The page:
17, May 2018
No political commentator knows when President Biya is going to stop his senseless war against the people of Southern Cameroons. From Cameroon government intelligence sources, we understand that the Ambazonia Self-Defense Council Restoration Forces are in complete control of the rural areas. The French Cameroun government is determined to re-assert its sovereign authority over all Ambazonian territory, as well as the ambiguous political situation in Southern Cameroons, where the Interim Government has effectively banned all activities of the ruling CPDM party.
Over the past several months, a growing number of senior political analysts have concluded that President Biya is losing Cameroon’s brutal war. Seemingly from a position of strength some few years ago, Biya could appoint and dismiss any Anglophone political elite and he had consolidated control over West Cameroon. But things are changing so rapidly on Ground Zero and the French Cameroun army appears to have been abandoned by its main Yaoundé sponsors, all of whom are now preparing for life after Biya. As our chief correspondent in Buea recently put it, the Federal Republic of Ambazonia looks as though is here to stay.
That may be so. But the temptation to over-interpret the latest events on the battlefield has bedeviled policymakers since the Southern Cameroons uprising began. The military challenge to Biya’s rule has taken a new dimension even though some significant amounts of Ambazonian territory remain in Yaounde’s hands. If Biya is losing the war, he’s doing so at the cost of dismembering the country. Events in the Federal Republic of Nigeria points to a chaotic outcome after the presidential elections in 2019 and this will have a spillover effect on the war in Southern Cameroons. A number of factors including major diplomatic push by the Interim Government’s pragmatic approach suggest that Cameroon’s de facto partition is a more likely outcome. What might this look like? And is separation something the French Cameroonians should accept or oppose?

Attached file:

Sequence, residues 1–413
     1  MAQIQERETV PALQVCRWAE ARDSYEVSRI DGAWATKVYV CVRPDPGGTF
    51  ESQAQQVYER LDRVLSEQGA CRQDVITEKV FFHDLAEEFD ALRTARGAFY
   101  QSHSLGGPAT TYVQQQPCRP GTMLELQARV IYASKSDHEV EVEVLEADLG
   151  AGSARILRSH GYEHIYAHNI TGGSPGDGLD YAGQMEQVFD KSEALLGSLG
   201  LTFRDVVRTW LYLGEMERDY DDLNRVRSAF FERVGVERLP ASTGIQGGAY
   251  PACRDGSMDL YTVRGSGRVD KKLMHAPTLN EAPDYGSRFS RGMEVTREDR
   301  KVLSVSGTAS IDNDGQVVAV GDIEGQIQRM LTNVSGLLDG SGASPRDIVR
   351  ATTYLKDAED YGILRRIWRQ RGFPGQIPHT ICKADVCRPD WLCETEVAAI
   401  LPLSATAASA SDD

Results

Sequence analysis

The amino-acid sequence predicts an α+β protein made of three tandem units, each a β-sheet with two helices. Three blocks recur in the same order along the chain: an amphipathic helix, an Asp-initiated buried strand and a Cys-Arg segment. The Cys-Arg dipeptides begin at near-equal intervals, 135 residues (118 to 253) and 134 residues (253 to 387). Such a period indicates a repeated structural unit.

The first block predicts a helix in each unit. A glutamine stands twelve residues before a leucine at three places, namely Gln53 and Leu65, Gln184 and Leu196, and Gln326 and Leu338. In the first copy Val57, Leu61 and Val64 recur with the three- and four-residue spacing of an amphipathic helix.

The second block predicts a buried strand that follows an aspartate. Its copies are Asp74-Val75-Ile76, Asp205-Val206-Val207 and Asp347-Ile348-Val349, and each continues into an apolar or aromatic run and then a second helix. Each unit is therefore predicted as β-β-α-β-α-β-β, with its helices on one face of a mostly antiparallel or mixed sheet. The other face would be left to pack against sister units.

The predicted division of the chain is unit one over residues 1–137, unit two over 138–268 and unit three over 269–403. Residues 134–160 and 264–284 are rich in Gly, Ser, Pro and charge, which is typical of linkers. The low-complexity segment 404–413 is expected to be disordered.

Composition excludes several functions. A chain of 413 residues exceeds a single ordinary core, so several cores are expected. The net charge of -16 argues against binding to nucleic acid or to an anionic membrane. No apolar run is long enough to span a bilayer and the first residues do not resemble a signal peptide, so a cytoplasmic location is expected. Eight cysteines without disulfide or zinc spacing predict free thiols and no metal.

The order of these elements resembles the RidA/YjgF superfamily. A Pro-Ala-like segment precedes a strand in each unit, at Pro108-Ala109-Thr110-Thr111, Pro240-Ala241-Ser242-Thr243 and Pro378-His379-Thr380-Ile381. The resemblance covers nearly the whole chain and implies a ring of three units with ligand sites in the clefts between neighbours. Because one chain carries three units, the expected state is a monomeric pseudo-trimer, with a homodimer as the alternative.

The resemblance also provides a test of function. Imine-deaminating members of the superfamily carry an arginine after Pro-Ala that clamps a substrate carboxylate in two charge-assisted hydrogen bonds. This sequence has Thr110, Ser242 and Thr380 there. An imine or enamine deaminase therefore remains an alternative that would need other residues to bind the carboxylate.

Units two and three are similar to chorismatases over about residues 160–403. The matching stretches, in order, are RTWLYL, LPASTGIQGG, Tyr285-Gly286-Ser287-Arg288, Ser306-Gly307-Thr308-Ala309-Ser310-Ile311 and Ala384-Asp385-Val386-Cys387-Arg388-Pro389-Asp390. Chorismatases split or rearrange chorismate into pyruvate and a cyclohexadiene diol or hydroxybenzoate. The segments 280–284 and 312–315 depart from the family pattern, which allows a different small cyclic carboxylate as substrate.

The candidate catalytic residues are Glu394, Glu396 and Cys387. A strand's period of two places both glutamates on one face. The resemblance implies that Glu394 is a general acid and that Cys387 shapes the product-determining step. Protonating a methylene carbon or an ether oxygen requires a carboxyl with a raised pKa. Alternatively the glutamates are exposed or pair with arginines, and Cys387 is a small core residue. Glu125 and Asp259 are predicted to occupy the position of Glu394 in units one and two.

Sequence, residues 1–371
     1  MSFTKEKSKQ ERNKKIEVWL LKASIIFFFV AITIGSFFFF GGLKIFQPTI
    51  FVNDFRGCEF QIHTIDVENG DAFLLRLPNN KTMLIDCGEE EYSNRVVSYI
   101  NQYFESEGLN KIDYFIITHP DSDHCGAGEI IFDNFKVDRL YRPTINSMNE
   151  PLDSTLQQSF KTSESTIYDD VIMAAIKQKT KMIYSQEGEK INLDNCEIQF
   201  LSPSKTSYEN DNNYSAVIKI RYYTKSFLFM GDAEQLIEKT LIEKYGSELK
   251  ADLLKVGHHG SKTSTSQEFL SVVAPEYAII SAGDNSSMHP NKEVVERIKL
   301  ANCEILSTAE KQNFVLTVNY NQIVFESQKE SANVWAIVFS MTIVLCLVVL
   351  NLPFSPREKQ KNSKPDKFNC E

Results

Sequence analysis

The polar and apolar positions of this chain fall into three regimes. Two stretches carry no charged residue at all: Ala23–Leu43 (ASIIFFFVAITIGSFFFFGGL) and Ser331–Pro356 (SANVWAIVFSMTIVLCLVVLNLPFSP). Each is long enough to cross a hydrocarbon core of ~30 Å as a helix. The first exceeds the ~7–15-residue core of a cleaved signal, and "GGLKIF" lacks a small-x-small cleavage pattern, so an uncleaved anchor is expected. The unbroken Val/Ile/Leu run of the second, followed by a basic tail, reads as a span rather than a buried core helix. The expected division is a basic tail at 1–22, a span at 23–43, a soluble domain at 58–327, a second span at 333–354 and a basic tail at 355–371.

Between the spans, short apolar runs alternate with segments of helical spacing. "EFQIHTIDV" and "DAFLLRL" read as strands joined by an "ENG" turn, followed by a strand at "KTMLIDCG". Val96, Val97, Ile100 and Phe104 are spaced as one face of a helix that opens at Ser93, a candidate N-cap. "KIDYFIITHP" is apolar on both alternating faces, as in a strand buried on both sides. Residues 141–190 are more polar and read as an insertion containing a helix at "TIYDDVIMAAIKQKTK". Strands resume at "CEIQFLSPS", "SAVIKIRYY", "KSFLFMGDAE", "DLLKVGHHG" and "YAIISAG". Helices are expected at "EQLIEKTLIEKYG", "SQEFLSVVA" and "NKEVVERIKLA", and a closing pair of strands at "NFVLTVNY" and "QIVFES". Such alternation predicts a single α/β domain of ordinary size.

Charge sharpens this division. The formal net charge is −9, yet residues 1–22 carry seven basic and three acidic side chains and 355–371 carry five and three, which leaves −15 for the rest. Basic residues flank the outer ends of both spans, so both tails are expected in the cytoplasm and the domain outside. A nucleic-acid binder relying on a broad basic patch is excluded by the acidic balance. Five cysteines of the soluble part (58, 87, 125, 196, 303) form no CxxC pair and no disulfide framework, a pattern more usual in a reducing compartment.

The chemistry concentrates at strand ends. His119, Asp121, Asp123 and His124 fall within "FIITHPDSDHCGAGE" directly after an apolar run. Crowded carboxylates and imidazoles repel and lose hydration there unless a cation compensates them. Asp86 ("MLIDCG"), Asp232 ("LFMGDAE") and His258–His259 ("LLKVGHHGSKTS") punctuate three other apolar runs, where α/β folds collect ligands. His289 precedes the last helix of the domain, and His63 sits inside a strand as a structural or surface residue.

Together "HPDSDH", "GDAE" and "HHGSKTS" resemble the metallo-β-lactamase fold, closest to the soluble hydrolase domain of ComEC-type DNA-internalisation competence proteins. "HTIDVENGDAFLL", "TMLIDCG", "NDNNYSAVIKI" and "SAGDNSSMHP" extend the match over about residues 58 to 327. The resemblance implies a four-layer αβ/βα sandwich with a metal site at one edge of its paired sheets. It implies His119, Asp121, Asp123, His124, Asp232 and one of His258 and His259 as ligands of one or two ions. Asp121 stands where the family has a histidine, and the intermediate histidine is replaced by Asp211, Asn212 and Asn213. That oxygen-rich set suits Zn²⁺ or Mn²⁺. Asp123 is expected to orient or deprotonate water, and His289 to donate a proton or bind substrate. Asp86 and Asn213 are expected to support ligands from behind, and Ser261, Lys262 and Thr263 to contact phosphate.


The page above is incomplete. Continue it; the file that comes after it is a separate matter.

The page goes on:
Since 1900, approximately two dozen conflicts ended by either de facto or de jure partition. These range from the loss of sovereign control over small territorial enclaves (e.g., Cyprus in 1964 or Somaliland in 1991) to declarations of sovereignty with full international recognition (e.g., Eritrea and Croatia in 1991, South Sudan in 2011). More recently, several Nigerian politicians have proposed a similar approach in Cameroon. This reflects deep skepticism on whether Biya will be able to reunify his so-called one and indivisible Cameroon and a recognition of the degree of divide that’s already taken place. A quick glance at the situation in Manyu, Lebialem, Belo, Bamenda, Muyenge, Kumba, Ndian, Batibo reveals a complex patchwork corresponding to discrete blocs held by the French Cameroun government, the Ambazonia Self-Defense Council Restoration Forces and armed gangs operating from Nigeria. Biya’s control over some areas in Southern Cameroons is limited to economic loyalty. For example, the French Cameroun government has continued to pay salaries to civil servants, even in areas outside its control. But over time, the Interim Government will make these constituencies become increasingly autonomous: Every Southern Cameroons County flies the Ambazonian flag, operates its own security and takes orders from the Interim Government. Administrative, judicial institutions and educational curricula are still being developed by the exiled government in the USA.
Cardinal Christian Tumi pointed out that the path to Cameroon’s demise was shaped by French intervention in the politics of the country. In the Northern Zone, the Anglophone Minister of Territorial Administration, Paul Atanga Nji and his partners have created armed groups and though small, the North West area is now buzzing with French Cameroun-funded killer squads. The precise objectives of this Minister Atanga Nji operation in the North West remain unclear.
In the South West, self-defense forces loyal to the Interim Government are exercising their influence over the Cameroon army and attacks against government forces are rampant. To be sure, Biya regime forces are extremely vulnerable and the area remains self-governing and resistant to Yaoundé authority.
It is important to stress that separation is an outcome almost every Southern Cameroonian wants including those in the Diaspora. However, the international community continues to insist on Cameroon’s unity and territorial integrity. After two years of war, the vast majority of Ambazonians are comfortable with inclusive dialogue precisely on the grounds that it would be a step towards separation.
Deep within the French Cameroun army, the fight is no longer over Southern Cameroons as a whole, but about making as much money as possible preparing for a new government after the CPDM.
By Soter Tarh Agbaw-Ebai